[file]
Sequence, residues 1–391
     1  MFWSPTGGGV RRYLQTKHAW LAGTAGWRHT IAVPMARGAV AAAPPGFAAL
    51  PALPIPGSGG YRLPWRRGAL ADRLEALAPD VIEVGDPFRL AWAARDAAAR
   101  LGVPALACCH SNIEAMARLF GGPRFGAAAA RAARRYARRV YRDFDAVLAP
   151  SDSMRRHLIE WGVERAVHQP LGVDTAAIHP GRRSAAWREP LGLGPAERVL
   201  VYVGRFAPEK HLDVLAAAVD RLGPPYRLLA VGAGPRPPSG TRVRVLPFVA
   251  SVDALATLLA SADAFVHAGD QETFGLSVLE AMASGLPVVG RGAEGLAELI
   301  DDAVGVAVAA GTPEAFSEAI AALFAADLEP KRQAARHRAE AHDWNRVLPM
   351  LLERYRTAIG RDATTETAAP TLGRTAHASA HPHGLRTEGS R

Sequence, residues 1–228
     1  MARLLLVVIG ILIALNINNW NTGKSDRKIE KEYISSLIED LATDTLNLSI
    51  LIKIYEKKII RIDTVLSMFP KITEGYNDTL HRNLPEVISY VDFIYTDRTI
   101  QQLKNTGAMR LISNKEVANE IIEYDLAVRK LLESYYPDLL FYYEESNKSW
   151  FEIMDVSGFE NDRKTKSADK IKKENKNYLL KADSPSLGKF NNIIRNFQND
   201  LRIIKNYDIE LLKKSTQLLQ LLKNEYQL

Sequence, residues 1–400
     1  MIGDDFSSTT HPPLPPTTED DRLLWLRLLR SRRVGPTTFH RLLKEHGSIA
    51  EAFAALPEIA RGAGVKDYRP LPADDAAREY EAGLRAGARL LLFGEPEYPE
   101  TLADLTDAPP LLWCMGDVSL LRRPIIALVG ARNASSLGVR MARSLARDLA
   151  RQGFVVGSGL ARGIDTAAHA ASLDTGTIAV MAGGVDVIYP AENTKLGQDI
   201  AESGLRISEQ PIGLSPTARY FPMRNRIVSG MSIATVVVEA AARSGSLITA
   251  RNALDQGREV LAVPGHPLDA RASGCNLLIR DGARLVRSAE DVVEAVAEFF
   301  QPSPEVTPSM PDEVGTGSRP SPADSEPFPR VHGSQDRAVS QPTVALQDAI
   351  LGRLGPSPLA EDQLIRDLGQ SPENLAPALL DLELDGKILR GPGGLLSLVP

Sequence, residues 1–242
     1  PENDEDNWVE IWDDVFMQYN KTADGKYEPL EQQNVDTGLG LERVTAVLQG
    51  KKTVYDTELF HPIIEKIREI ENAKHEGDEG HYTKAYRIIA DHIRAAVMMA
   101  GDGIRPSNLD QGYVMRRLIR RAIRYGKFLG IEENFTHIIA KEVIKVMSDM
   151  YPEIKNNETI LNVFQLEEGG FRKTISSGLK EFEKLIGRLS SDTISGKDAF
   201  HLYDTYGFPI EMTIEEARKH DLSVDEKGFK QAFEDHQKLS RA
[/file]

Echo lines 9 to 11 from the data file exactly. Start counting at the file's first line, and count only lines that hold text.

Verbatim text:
   351  LLERYRTAIG RDATTETAAP TLGRTAHASA HPHGLRTEGS R

Sequence, residues 1–228
     1  MARLLLVVIG ILIALNINNW NTGKSDRKIE KEYISSLIED LATDTLNLSI